The subsequent growth in the working age population (15- to 64-years of age) from the current 57% to 66% by 2043 means that Rwanda will experience a decline in its dependency ratio with positive effects on economic growth. Given the investments made by the government over the past decades in the health and education sectors, this growing age cohort holds great potential for the country’s development future.

At 5.1 people per hectare, Rwanda is the most densely populated country in East Africa, which is well above the African average of 0.44 people per hectare. The capital city, Kigali, is located centrally within the country with altitudes ranging from 1 300 m to 1 800 m above sea level. Kigali is also one of five provinces within the country and is the most densely populated with a density of 1 644 people/km2. The city has grown from 34 000 people in 1960 to a present population of 1.2 million people and contributes a staggering 41% to the country’s GDP. The second largest city is Gisenyi, which is located in the Western Province next to Lake Kivu, with a population of 136 000 people. Rwanda also boasts four national protected parks. Akagera is the largest park at 1 122 km2 and is located towards the north-eastern border with Tanzania, covering more than 4% of the country’s surface area.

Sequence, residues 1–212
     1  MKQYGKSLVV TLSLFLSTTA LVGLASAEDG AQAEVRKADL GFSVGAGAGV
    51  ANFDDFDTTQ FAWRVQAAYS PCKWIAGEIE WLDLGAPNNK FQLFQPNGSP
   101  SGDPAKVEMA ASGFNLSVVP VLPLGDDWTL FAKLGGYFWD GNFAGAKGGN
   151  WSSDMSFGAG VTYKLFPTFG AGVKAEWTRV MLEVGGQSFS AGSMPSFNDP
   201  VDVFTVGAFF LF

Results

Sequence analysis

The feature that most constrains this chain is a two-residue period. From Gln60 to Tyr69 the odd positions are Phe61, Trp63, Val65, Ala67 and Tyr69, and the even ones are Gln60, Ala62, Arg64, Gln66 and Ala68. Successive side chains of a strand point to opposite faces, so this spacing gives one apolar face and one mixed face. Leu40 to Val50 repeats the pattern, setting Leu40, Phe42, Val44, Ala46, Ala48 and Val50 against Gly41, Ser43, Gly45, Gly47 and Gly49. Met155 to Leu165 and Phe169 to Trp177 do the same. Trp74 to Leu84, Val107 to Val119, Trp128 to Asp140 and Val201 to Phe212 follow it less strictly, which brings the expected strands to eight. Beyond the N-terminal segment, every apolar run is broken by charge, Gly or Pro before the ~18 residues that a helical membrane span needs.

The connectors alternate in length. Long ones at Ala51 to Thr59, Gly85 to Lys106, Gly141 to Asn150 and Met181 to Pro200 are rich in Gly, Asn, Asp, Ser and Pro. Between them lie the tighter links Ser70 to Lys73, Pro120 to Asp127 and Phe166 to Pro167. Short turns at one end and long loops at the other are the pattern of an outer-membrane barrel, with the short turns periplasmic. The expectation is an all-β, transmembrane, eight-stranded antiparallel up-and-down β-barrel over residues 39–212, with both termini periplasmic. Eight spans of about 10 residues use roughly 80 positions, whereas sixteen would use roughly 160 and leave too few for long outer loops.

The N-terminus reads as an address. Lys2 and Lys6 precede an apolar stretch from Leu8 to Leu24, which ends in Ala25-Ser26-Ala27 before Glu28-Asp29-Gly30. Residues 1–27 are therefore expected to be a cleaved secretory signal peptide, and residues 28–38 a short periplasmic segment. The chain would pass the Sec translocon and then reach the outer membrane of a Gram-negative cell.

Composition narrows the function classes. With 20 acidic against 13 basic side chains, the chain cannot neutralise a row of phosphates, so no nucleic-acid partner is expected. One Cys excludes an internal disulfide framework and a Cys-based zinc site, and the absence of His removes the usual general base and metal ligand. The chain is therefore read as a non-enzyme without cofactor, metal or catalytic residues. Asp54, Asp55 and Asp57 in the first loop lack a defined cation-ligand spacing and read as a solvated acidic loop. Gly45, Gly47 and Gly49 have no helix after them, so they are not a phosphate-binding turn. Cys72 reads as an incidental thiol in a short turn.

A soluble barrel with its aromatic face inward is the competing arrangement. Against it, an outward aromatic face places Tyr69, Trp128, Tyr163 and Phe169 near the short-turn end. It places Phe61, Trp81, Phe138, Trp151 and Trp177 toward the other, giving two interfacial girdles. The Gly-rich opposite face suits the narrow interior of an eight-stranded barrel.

Chart 9: Population distribution map, 2022
Chart

In spite of its high density, Rwanda is technically one of the least urbanised countries in Africa. In 1990, 6.9 million Rwandans, constituting 94.6% of the total population, lived in rural areas. By 2019, this figure had declined to about 82.6%, equivalent to 10.4 million people, far above the average of 57.1% for Africa. Consequently, the urban population stood at 17.6% in 2019 making Rwanda the fifth least urbanised country in the world and the second least urbanised country in East Africa.